Researchers 3D print all-liquid material that could be used to construct liquid electronics (video)
Scientists from the Department of Energy’s Lawrence Berkeley National Laboratory (Berkeley Lab) have developed a way to print 3-D structures composed entirely of liquids. Using a modified 3-D printer, they injected threads of water into silicone oil — sculpting tubes made of one liquid within another liquid.
They envision their all-liquid material could be used to construct liquid electronics that power flexible, stretchable devices. The scientists also foresee chemically tuning the tubes and flowing molecules through them, leading to new ways to separate molecules or precisely deliver nanoscale building blocks to under-construction compounds. Continue reading “Researchers 3D print all-liquid material that could be used to construct liquid electronics (video)”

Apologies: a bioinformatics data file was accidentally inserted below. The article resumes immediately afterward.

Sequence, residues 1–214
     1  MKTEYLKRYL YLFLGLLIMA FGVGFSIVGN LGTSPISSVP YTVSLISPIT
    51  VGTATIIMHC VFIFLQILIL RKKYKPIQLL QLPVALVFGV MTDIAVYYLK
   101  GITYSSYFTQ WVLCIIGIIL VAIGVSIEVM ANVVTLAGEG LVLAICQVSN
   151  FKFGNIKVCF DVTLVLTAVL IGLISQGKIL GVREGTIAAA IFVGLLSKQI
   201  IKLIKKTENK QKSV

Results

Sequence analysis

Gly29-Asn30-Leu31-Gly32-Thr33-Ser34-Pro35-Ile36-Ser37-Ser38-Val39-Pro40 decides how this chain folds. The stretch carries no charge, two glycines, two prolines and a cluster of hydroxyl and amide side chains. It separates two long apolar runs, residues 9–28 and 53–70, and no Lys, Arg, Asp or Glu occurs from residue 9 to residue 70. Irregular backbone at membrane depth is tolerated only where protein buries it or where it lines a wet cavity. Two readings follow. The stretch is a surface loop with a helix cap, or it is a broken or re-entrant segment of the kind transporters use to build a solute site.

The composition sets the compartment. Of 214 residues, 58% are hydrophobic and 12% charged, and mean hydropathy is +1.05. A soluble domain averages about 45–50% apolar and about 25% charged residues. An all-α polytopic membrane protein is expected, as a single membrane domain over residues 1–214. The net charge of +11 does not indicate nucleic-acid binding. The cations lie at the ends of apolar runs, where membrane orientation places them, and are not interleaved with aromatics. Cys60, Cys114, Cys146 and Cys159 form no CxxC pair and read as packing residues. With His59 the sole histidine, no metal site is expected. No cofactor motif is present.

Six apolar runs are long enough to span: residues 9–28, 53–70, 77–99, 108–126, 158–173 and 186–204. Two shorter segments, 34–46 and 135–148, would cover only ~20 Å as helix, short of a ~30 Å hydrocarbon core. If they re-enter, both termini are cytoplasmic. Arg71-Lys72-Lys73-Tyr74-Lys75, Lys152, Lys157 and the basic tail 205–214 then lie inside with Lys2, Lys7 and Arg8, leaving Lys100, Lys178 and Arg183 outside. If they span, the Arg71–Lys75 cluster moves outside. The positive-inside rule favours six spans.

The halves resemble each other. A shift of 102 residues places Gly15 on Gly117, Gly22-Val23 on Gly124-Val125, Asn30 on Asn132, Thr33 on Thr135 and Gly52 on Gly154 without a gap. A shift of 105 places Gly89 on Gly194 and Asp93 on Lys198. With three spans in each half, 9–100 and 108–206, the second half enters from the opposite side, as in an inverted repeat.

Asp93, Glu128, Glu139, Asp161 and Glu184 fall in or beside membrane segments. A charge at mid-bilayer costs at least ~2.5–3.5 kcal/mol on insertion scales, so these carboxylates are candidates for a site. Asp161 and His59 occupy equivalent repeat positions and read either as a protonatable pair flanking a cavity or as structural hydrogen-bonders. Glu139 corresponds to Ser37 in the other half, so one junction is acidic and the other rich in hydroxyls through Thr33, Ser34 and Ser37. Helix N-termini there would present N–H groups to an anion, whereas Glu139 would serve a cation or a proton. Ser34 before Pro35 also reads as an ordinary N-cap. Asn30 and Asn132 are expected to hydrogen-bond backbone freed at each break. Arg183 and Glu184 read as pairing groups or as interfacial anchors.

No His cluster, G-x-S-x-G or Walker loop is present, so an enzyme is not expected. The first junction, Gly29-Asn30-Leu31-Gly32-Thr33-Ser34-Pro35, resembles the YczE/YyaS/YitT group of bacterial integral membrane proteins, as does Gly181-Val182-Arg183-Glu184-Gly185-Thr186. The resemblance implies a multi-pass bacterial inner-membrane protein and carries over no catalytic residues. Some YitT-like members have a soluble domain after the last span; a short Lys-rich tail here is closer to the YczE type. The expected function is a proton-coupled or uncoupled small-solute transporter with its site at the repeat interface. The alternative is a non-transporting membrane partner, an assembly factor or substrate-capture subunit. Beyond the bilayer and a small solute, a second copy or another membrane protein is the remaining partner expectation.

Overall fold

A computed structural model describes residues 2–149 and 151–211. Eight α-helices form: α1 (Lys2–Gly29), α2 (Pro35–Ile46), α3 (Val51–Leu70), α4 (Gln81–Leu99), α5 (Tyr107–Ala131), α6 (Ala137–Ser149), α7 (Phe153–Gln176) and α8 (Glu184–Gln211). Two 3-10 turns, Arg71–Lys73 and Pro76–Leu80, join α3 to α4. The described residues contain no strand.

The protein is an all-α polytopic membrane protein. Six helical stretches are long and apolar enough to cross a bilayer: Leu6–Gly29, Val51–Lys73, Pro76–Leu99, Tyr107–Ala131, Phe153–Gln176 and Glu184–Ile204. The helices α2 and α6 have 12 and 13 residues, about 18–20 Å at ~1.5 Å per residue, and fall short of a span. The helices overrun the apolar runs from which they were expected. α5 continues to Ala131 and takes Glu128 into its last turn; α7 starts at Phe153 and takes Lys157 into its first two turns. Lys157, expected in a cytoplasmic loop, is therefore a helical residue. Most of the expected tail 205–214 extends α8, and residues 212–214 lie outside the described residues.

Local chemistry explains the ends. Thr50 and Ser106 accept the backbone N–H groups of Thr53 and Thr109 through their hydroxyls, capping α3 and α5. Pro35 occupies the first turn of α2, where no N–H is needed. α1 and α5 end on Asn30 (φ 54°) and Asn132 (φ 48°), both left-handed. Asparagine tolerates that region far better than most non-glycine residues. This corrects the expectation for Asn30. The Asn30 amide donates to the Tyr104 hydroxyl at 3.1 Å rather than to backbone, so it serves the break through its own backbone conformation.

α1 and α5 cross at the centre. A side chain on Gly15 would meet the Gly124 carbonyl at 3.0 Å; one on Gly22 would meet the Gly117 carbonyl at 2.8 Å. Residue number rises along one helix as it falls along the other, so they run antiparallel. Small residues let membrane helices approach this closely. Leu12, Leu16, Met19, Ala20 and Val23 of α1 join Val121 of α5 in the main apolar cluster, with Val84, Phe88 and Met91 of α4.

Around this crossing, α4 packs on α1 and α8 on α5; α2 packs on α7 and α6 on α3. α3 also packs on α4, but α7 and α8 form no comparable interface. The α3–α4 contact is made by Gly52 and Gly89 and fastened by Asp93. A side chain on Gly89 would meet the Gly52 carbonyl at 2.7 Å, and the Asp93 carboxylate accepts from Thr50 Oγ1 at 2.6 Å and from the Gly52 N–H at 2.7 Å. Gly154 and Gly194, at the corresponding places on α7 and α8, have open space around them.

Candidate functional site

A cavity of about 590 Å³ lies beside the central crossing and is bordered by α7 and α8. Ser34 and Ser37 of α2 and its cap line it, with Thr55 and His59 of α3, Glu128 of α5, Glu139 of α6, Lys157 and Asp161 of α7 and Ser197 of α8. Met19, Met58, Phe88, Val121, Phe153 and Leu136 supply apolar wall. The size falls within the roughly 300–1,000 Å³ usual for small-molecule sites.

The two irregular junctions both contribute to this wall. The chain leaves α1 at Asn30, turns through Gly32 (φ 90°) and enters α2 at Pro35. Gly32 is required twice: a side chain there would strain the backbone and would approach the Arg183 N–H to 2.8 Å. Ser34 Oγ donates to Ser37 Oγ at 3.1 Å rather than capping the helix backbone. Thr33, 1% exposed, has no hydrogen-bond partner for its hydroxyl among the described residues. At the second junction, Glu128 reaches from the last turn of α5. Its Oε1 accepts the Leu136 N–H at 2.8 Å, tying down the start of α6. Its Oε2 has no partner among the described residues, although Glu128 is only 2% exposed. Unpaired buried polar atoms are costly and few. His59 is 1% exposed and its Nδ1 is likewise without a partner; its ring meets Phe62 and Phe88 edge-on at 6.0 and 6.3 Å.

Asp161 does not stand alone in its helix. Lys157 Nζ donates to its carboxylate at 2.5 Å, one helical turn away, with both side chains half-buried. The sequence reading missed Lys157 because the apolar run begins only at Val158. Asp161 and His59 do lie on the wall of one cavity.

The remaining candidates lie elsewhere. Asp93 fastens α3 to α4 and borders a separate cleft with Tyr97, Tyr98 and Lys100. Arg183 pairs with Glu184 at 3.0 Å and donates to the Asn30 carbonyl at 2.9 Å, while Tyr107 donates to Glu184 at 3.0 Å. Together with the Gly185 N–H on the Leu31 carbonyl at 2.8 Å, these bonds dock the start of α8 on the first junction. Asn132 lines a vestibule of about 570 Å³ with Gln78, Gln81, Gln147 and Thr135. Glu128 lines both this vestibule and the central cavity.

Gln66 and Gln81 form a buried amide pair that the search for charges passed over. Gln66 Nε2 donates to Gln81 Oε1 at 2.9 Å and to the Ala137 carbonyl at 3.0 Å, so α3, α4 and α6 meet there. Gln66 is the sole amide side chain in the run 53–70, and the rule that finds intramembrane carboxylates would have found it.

Researchers in Oregon State University’s College of Engineering have taken a key step toward the rapid manufacture of flexible computer screens and other stretchable electronic devices, including soft robots.
The advance by a team within the college’s Collaborative Robotics and Intelligent Systems Institute paves the way toward the 3D printing of tall, complicated structures with a highly conductive gallium alloy.
Researchers put nickel nanoparticles into the liquid metal, galinstan, to thicken it into a paste with a consistency suitable for additive manufacturing.
“The runny alloy was impossible to layer into tall structures,” said Yiğit Mengüç, assistant professor of mechanical engineering and co-corresponding author on the study. “With the paste-like texture, it can be layered while maintaining its capacity to flow, and to stretch inside of rubber tubes. We demonstrated the potential of our discovery by 3D printing a very stretchy two-layered circuit whose layers weave in and out of each other without touching.”
Findings were recently published in Advanced Materials Technologies. Continue reading “Highly conductive 3D printable gallium alloy shows promise for flexible electronics”